WALL STREET JOURNAL ON WHAT TO DO IF YOU 'OVERSOLD' YOURSELF AS A LEADER.
FROM THE ARCHIVES: July 2, 2002
How to Sell Your Skills and Stick to Reality
By JOANN S. LUBLIN
Staff Reporter of THE WALL STREET JOURNAL
Position Wanted: High-level manager. Will achieve results fast and solve
impossible problems with ease.
In a sour employment market, anxious job seekers often promise more than
they can deliver.
Bad idea. There's a difference between showing you have the confidence
to use your skills to work on a
higher level, and overselling your capabilities. The latter can shorten
your tenure. "You end up having the
least respect for these people because you had such high hopes for them,"
says Jullian D. Kaufman, an
executive-development consultant in New York.
Certain corrective steps might help you survive this career quagmire. The
most important: Recognize
you're not fulfilling pledges made during your job interview.
"Figure out what is really going on -- and then fix it fast," advises Peter
Warshaw, a New York senior
consultant for RHR International, an executive-coaching firm.
Confess your shortcomings to your boss. She could become a crucial resource
-- by arranging the extra
training, funding or staff needed to stretch into your over-ambitious assignment.
Andrew Sutherland persuaded Dinte Resources, a small search firm in McLean,
Va., to hire him in 1998.
He cited his executive-recruitment experience in his native Australia.
Actually, the unemployed young
man had experience limited to middle managers.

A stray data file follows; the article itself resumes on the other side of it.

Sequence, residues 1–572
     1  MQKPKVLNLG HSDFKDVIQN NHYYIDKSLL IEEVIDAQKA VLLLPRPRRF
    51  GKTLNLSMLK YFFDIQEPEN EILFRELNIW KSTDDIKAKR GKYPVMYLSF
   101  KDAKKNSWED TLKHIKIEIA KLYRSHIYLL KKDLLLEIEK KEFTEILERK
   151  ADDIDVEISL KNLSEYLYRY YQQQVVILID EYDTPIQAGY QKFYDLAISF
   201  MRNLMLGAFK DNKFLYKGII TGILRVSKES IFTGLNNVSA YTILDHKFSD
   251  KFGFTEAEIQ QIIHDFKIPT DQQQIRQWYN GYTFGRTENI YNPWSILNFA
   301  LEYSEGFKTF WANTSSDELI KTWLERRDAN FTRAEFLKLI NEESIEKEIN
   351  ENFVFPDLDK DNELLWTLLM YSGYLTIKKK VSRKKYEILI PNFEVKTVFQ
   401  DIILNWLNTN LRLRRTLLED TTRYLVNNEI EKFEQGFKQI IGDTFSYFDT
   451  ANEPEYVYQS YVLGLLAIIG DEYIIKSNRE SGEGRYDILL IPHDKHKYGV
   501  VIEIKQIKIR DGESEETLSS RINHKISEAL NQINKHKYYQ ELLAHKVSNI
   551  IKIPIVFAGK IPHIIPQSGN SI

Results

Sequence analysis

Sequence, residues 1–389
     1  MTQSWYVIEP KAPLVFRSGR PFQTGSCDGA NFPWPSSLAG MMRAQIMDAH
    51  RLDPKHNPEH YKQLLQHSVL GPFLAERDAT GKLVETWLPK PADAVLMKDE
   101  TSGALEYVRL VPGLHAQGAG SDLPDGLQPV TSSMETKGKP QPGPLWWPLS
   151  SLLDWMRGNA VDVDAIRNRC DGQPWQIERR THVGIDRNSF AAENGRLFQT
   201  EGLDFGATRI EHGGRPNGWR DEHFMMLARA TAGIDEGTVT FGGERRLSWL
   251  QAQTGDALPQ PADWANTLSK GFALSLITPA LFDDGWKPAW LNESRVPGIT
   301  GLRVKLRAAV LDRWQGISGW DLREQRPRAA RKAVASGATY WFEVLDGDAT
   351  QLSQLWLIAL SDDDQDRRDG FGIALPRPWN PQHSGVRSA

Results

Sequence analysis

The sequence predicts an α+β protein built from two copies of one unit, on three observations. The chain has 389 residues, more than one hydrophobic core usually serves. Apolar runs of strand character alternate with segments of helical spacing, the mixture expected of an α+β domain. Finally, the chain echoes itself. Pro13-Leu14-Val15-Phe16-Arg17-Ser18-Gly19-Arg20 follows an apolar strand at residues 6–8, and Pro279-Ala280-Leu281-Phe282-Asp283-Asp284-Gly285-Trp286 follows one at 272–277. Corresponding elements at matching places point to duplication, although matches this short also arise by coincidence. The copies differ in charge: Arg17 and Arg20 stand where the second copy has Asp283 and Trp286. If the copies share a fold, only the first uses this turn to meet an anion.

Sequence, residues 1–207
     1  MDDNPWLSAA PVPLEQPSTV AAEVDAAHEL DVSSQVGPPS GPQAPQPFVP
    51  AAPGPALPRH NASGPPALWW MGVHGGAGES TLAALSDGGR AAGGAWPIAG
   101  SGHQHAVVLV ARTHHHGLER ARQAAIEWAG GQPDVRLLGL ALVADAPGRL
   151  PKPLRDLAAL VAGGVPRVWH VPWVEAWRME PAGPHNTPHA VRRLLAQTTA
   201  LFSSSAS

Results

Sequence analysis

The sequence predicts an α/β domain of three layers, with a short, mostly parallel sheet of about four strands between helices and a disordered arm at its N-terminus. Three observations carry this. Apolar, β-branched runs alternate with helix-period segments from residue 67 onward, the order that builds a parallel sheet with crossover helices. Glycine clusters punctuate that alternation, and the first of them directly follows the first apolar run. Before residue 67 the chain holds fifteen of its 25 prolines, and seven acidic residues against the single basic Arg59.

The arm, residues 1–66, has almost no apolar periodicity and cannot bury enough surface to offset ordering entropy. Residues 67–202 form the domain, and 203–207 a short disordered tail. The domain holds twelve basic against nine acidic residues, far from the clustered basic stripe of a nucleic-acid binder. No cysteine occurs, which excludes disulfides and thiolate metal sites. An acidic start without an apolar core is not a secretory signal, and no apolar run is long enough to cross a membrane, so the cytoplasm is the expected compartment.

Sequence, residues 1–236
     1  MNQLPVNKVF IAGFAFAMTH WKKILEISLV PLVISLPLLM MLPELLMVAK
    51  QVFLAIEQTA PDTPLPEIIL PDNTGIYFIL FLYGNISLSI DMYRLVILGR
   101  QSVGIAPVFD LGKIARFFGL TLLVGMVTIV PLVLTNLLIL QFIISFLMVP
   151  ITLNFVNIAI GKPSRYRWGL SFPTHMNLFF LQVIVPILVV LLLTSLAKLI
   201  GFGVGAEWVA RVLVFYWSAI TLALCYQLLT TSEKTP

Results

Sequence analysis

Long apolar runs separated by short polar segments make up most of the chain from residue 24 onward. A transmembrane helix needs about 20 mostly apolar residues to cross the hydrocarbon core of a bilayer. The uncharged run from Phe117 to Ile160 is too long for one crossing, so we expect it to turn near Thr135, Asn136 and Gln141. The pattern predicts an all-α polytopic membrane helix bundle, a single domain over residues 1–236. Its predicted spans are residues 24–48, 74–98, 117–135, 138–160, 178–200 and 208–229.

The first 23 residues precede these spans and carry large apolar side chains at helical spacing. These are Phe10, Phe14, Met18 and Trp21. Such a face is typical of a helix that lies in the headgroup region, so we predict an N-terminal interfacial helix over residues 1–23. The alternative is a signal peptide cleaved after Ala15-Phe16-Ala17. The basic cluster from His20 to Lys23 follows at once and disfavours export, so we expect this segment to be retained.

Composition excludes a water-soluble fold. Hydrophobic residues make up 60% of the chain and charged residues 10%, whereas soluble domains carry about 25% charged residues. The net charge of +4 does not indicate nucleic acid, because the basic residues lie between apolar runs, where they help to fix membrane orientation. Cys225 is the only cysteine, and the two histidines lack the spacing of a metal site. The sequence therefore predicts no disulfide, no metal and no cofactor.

"I guess I was using the term [executive] loosely," Mr. Sutherland concedes.
"I was keen and hungry to
do the job."
But he couldn't do it. Mr. Sutherland soon informed firm president Paul
Dinte about his background, his
lack of confidence, and his commitment to succeed there. Mr. Dinte agreed
to mentor him. He let Mr.
Sutherland watch him conduct candidate interviews, created stringent goals
(such as making 30 calls a
day) and frequently monitored his progress.
Mr. Dinte says he shared responsibility for the misunderstanding. "The
kind of recruiting he had done
before was very different than the kind we did in the U.S.," he says.
Today, the 27-year-old recruiter really knows how to do an executive search,
Mr. Dinte reports. "He's
probably the best hire I've ever made."
Another remedy for getting in over your head is to revise your marching
orders. "Create a more realistic
mandate," suggests Dr. Laurence J. Stybel and Maryanne Peabody, co-founders
of STYBEL PEABODY
You might also solicit support from a trusted colleague. Robert Mercer,
chief information officer of
Software Spectrum, a software reseller in Garland, Texas, was hired partly
because he claimed strong
But Mr. Mercer was causing friction at the company. "My bulldog approach
was at odds with the
company," he says. He pounded the table so hard during one meeting that
the blow disconnected his
Software Spectrum CEO Judy Odom chastised him about such behavior, but
didn't feel misled by his
job-interview assurances because "his leadership style had worked where
he was before."
In the late 1990s, the concern paid for Mr. Mercer to have leadership training
for the first time. He also
sought help from fellow executive Lisa Stewart, one of several peers who
had complained about him. At
his request, she sat near him during meetings and signaled -- often clearing
her throat -- when he got
"The instantaneous feedback was critical," says Mr. Mercer, 50. He still
depends on Ms. Stewart's
vigilance. But now, "he's a well-respected officer," says Keith Coogan,
president of Software Spectrum.
It's best to learn how to promote yourself from the start. Curt Mason lasted
only nine months as
sales-and-marketing vice president of a suburban Maryland software developer
because he couldn't meet
his promise to double sales in a year.
"Those of us in sales tend to be very optimistic," the 56-year-old executive
The setback tamed his hubris. Subsequently, Mr. Mason told potential employers
that he had to do
additional research to see if he could meet certain goals.
Thanks to such homework, he exceeded expectations at an Arlington, Va.,
media-services concern --
and won a promotion within 60 days.
Updated July 2, 2002